Over those same 18 years, our girl grew up. No longer a light sleeper, Eva went off to college last fall, having lived up to every beautiful promise in those original six-and-a-half pounds. The vague bundle of possibilities that lay in the crib, suckled on milk and swaddled in song, has become a definite person.


More than a little blue about Eva’s going away, I work on the house and consider how it holds me. Of course there is no single right place to live, any more than there is a single right man or woman to marry. And yet, having made my choice, I feel wedded to this house, as I do to my wife and my neighborhood and my region. To become attached to a woman, sure, and to neighbors, fair enough, and maybe even to the local terrain—but to a pile of brick and wood? How has this box, this frame of possibilities, come to fit me so exactly? By what alchemy does a house become a home?



The short answer is that these walls and floors and scruffy flower beds are saturated with our memories and sweat. Everywhere I look I see the imprint of hands, everywhere I turn I hear the babble of voices, I smell sawdust or bread, I recall bruises and laughter. After nearly two decades of labor, the house dwells in us as surely as we dwell in the house.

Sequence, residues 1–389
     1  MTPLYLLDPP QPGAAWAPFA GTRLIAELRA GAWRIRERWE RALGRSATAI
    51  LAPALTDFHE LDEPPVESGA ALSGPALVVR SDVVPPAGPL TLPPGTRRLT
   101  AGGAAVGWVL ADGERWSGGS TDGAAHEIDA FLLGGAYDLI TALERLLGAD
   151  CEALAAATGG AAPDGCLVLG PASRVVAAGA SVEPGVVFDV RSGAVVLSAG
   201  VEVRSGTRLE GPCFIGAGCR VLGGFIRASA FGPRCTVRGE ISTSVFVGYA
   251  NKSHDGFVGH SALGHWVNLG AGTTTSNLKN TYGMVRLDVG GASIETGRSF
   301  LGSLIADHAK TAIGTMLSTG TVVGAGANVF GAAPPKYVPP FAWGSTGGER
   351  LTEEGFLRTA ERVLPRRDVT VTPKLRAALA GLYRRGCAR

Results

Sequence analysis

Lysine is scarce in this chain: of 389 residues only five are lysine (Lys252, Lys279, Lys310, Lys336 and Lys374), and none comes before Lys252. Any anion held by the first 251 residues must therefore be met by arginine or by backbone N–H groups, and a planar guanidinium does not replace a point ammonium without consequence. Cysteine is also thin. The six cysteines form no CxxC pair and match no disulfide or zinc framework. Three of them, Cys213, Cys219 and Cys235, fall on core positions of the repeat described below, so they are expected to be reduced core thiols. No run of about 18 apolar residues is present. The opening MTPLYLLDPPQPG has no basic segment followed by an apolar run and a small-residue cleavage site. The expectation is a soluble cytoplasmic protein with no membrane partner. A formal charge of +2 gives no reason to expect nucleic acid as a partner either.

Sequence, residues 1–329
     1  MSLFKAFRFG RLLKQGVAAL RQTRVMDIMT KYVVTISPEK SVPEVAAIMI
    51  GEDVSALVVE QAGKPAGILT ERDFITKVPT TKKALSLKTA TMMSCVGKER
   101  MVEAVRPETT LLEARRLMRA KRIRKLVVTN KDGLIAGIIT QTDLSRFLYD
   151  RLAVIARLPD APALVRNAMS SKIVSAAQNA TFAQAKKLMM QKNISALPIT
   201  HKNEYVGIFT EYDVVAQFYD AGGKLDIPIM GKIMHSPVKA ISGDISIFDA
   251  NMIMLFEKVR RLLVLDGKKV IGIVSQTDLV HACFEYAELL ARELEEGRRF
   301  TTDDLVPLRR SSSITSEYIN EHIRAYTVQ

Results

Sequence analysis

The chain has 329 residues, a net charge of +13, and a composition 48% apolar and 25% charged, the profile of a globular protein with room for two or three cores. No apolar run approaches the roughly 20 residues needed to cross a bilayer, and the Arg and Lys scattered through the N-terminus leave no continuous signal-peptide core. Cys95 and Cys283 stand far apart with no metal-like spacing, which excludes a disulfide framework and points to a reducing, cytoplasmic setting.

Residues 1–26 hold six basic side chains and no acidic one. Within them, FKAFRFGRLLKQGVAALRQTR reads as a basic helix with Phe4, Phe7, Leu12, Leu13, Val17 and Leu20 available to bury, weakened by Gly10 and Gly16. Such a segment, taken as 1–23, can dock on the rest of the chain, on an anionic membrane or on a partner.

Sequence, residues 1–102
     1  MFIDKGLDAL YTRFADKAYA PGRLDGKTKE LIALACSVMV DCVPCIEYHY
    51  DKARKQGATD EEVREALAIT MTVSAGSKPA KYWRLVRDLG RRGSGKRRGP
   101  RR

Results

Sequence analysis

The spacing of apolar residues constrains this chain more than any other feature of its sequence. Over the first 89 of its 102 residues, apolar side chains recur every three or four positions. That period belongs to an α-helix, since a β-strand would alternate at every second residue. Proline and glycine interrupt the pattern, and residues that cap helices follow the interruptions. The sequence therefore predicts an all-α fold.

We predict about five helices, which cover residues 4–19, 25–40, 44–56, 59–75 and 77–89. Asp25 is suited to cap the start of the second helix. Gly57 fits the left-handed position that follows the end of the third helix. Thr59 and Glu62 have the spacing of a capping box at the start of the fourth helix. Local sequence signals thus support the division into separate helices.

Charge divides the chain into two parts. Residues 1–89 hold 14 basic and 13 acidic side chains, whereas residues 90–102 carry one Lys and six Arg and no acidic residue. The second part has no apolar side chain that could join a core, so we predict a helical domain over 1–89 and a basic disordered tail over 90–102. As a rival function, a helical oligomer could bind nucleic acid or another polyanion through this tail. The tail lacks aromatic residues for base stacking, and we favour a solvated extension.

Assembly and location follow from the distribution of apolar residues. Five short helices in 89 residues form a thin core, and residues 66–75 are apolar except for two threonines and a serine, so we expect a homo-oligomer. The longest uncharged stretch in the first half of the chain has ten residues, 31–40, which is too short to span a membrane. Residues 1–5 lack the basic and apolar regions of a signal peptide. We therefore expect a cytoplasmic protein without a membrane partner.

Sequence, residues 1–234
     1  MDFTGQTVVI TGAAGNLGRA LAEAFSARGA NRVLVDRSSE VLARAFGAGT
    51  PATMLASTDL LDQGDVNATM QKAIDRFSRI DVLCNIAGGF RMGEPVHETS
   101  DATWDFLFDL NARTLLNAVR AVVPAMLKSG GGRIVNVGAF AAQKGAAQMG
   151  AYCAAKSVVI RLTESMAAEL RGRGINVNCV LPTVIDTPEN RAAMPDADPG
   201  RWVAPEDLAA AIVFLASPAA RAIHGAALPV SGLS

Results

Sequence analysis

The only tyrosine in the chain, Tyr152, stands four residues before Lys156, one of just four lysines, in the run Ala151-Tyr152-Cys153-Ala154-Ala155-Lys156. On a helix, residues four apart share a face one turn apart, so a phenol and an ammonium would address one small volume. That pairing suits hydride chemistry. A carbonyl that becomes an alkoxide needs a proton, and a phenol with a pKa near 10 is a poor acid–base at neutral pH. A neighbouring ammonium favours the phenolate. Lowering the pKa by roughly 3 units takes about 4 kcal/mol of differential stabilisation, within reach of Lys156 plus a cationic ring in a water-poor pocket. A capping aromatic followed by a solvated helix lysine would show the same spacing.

By American standards it’s small, plain, old-fashioned: a cube roughly 25 feet on a side, encased in yellow brick, with a low porch across the front, a wet basement below and on top a roof in the shape of a pyramid. I have touched every one of those bricks, scraping ivy or pointing up the joints with fresh cement. I have banged every joist and rafter, brushed every foundation stone. I know its crooks and crannies, its faults and fillings, as well as my dentist knows my teeth.


I could blame or thank my father or mother for the itch that keeps me tinkering. During my childhood, they fixed up their own series of dilapidated houses, thereby convincing me that a place isn’t truly yours until you rebuild it with your own hands. Thoreau, who cobbled together the most famous cabin in our literature, complained that “I never in all my walks came across a man engaged in so simple and natural an occupation as building his house.” Had he been a contemporary of my father or me, he could have walked by our doors most weekends and found us hammering.


A month after we moved in, my parents came from Oklahoma to inspect the house and dandle Eva. As soon as my father could bear to put the baby down, he walked to the basement and opened the fuse box, hummed darkly, then came back upstairs and removed the faceplate from a light switch and peered inside. Turning to me with a frown, he said, “Son, you’ve got to rewire this house. I won’t have my granddaughter sleeping in a firetrap.”